Seattle to pay $10 million to protesters over police force during 2020 protests

Seattle Police protests 2020
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SEATTLE (AP) — Seattle has agreed to pay $10 million to 50 demonstrators who sued over the police department’s heavy-handed response to racial justice protests in 2020, in a settlement announced by attorneys from both sides Wednesday.

The protesters were among tens of thousands who rallied downtown and in the Capitol Hill neighborhood for weeks following the killing of George Floyd by Minneapolis police — a period that saw Seattle’s police department abandon its East Precinct building as well as the establishment of the “Capitol Hill Occupied Protest,” a six-block zone taken over by protesters.

The police department — led by then-Chief Carmen Best — used aggressive techniques to disperse the crowds, including flash-bang grenades, foam-tipped projectiles and blast balls that explode and emit pepper gas.

At some points during protests, people in the crowds did cause damage, including burning police cars and trying to set a fire at the East Precint. But a federal judge ordered the department to stop using chemical and other weapons indiscriminately against against peaceful demonstrators.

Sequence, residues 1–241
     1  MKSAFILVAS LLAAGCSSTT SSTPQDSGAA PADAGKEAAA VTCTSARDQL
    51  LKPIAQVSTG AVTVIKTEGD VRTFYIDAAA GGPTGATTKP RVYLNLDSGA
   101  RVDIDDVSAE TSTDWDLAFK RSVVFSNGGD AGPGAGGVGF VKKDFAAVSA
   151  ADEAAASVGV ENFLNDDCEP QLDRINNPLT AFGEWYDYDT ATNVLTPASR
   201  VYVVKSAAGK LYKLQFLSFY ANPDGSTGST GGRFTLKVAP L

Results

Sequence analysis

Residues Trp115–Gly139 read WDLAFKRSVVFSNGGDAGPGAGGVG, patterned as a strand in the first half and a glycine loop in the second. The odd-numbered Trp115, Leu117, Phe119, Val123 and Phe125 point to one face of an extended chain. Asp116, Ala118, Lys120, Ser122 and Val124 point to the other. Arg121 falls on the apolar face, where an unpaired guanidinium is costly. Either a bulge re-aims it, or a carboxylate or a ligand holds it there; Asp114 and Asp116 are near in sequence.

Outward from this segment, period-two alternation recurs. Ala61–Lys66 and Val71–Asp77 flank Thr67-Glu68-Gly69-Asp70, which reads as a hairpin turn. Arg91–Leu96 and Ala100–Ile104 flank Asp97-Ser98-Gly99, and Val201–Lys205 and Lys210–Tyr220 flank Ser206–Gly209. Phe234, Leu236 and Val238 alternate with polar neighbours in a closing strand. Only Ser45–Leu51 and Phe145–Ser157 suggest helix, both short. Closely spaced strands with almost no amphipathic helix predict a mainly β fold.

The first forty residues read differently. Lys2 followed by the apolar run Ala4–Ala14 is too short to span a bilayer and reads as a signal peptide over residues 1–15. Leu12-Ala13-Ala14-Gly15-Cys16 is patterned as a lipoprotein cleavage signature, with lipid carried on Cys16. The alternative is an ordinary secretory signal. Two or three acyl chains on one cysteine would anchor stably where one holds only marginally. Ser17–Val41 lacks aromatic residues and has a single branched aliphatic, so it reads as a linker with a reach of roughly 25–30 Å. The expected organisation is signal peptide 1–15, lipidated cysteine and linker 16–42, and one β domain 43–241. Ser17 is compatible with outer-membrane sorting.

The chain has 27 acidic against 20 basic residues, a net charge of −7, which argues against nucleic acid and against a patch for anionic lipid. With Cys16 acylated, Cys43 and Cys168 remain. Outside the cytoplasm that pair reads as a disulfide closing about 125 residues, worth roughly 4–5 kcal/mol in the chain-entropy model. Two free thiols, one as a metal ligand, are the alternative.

When police used them even after Best and then-Mayor Jenny Durkan promised they would stop, the City Council voted unanimously to bar officers from doing so.

Among the plaintiffs in the lawsyit was Aubreanna Inda, who was standing in the middle of a street before a phalanx of officers in riot gear when a blast ball hit her in the chest and exploded, causing her to go into cardiac arrest. Volunteer medics and other protesters performed CPR and brought her to a hospital.

Others included a teenager whose finger was partially blown off, a disabled veteran with a cane who was tear-gassed and tackled and dozens who suffered hearing loss, broken bones, concussions, severe bruises, PTSD or other injuries, according to the lawsuit.

The case involved more than 10,000 videos, including police body-worn camera recordings, and hundreds of witness interviews.

“Historians should review what we collected and write the true story of the shameful behavior of our City against the Peaceful Protesters,” Karen Koehler, an attorney for the plaintiffs, said in a statement Wednesday.

City Attorney Ann Davison said in a statement that lawsuit had resulted in a “significant drain” on time and resources and Seattle is not admitting liability in the settlement, which was signed Tuesday.

“This decision was the best financial decision for the City considering risk, cost, and insurance,” Davison said.

A three-month trial had been expected to begin in May.

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